The Julio Jones trade

Posted: June 3, 2013 in Football

DISCLAIMER: The following post regards professional football. If you are not interested in pro football, then please disregard this post.

Arthur Blank

Arthur Blank

In April of 2011, Arthur Blank (owner of the Atlanta Falcons) spearheaded a trade between the Cleveland Browns and the Atlanta Falcons football teams for the Falcons to move up in the first round of the NFL draft in order to draft highly-coveted Alabama wide receiver Julio Jones. In doing so the Falcons received the Browns 1st round pick (6th overall) and the Browns received the Falcons 1st round pick (27th overall), 2nd, and 4th round pick for the 2011 season, as well as the Falcons 1st and 4th round pick in the 2012 draft. After a trade with the Kansas City Chiefs to move up to select DT Phil Taylor in the 2011 draft, the Browns’ haul includes: defensive tackle Phil Taylor, from Baylor (1st round pick 2011), wide receiver Greg Little from North Carolina (2nd round pick), Owen Marecic, fullback from Stanford (4th round pick), and 1st round pick (2012 draft) Trent Richardson, running back from Alabama (the 4th round pick received from Atlanta for the 2012 draft was part of a package deal for Cleveland to move up into the number 3 spot in round 1 to select Trent Richardson). Atlanta surrendered five picks to acquire one man. Did they make the right choice? Is Arthur Blank a lunatic? Let’s look at the numbers.

Julio Jones, Wide Receiver has totalled 2,157 receiving yards with 133 receptions, 18 touchdowns at 16.2 yards per reception in 28 starts in his first two seasons in Atlanta. That’s an average of 1078.5 yards receiving, 66.5 receptions, 9 touchdowns per season, or per 14 starts. That’s a lot of production out of a young wide receiver who has steady competition between Roddy White and the ageless Tony Gonzalez.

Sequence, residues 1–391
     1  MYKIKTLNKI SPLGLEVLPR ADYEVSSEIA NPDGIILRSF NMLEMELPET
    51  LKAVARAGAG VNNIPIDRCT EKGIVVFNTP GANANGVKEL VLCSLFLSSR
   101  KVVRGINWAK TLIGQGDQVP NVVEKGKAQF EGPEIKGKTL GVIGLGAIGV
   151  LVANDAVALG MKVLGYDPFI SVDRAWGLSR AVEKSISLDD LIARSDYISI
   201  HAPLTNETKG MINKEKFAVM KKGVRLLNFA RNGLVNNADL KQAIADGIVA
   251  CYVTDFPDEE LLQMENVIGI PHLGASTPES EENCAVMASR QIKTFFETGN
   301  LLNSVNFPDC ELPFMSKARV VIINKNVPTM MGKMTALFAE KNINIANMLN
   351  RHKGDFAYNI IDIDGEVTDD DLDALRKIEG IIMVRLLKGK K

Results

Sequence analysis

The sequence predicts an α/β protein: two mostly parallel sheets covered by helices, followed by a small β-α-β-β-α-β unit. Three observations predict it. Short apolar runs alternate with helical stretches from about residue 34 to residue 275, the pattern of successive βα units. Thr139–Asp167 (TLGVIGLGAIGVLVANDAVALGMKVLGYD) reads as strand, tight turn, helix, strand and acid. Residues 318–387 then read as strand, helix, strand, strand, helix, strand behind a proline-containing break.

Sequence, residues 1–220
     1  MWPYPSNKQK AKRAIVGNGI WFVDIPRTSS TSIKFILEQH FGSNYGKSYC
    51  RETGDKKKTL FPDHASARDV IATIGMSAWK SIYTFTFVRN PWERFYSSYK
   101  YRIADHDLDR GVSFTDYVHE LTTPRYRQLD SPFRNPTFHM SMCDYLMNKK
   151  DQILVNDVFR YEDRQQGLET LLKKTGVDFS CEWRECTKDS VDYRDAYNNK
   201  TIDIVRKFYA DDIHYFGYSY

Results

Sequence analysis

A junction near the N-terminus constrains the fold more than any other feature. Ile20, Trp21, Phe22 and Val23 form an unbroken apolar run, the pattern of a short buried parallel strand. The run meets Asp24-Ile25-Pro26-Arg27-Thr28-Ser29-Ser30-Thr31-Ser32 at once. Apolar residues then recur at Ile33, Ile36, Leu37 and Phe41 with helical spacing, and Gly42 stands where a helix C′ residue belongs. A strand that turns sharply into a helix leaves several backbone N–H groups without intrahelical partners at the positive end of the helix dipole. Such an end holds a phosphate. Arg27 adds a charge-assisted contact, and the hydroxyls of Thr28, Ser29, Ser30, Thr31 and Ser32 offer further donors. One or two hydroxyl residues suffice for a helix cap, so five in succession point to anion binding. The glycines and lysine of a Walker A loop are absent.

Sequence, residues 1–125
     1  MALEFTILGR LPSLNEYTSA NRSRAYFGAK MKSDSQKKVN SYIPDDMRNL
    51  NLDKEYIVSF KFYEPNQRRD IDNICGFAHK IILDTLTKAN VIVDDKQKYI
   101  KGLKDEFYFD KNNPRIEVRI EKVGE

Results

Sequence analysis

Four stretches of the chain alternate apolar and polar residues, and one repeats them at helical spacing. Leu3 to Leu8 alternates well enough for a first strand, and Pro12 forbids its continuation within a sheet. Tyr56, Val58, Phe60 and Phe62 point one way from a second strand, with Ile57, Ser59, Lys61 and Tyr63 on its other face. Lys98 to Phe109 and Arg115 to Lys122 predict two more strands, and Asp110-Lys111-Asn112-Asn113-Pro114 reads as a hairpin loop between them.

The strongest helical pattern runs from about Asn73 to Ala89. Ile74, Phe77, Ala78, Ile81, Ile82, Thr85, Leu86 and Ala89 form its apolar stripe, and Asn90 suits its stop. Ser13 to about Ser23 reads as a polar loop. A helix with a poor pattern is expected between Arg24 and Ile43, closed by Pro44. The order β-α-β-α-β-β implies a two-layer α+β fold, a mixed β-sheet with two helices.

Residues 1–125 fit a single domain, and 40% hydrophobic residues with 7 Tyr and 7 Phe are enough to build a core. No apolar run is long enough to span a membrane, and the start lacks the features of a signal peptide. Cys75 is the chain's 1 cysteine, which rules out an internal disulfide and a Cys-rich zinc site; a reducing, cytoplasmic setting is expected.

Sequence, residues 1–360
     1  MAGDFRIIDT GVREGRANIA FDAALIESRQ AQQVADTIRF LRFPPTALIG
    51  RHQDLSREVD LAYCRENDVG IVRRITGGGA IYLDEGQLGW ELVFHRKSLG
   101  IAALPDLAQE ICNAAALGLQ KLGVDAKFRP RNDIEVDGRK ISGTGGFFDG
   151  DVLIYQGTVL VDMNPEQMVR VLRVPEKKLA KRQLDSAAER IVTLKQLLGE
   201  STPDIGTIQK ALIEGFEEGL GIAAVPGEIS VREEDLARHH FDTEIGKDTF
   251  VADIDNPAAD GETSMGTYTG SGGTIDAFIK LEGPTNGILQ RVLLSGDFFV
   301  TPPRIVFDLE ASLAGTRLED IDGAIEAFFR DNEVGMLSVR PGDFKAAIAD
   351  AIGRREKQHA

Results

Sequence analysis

Julio Jones

Cleveland Browns first 1st round pick, Phil Taylor has 23 starts, 49 total tackles, 5 sacks, 1 pass defended, and 1 forced fumble in his first two seasons. Not bad for an interior d-lineman.


Phil Taylor

Greg Little, wide receiver, the 2nd round pick, totalled 28 starts, 114 receptions, 1,356 yards receiving with 6 total touchdowns at 11.9 yards per reception.


Greg Little

Owen Marecic, fullback, 4th round pick, totalled 6 starts in two season in Cleveland. Presumably Marecic’s impact in cleveland has been statistically insignificant. Fullbacks rarely get in the spotlight in the NFL, but Marecic is starting less than 1/5th of the time for Cleveland, meaning he is not considered a major asset to the offense.


Owen Marecic

The Browns used the late round first pick as motivation for Minnesota to move from 3rd overall to 4th overall, apparently paranoid that Minnesota with running back king Adrian Peterson would spend their first round pick on a running back. This seems like it would have been an awful waste, as Minnesota, even though Adrian Peterson had been recovering from injury had a quality backup in Toby Gerhart. Cleveland could have easily used that pick to take a late round talent, such as Courtney Upshaw, Janoris Jenkins, or Coby Fleener.


Trent Richardson

Richardson would still have been available had Cleveland not moved up. Cleveland netted: a solid Defensive Tackle, an above average wide receiver in Greg Little, and a backup fullback. Atlanta netted a very talented wide receiver who has allowed Atlanta’s offense to go from good to great, even without a serious answer at the running back position now that Michael Turner has aged. Jones’ chemistry with the rest of the offense makes Atlanta a perennial NFC contender even with a defense that ranked in the bottom half in terms of total yards allowed. Attempting to predict who Atlanta would have drafted had they not moved up is nearly impossible. It is feasible that Atlanta could have drafted sufficient talent produce as many wins or more as they have gotten since taking Julio Jones. But Arthur Blank had a vision for his offense that involved a star wide receiver lining up parallel to Roddy White, and he fulfilled his vision, and the Falcons’ offense is one of the highest scoring in the league, averaging 26.2 points per game, good for 7th in the league. Cleveland collected a ragtag group of players who, while they do contribute to the team, do not do so nearly as much as Julio Jones does for Atlanta.



*All images courtesy of Wikimedia creative commons

Leave a Reply

Fill in your details below or click an icon to log in: Logo

You are commenting using your account. Log Out /  Change )

Facebook photo

You are commenting using your Facebook account. Log Out /  Change )

Connecting to %s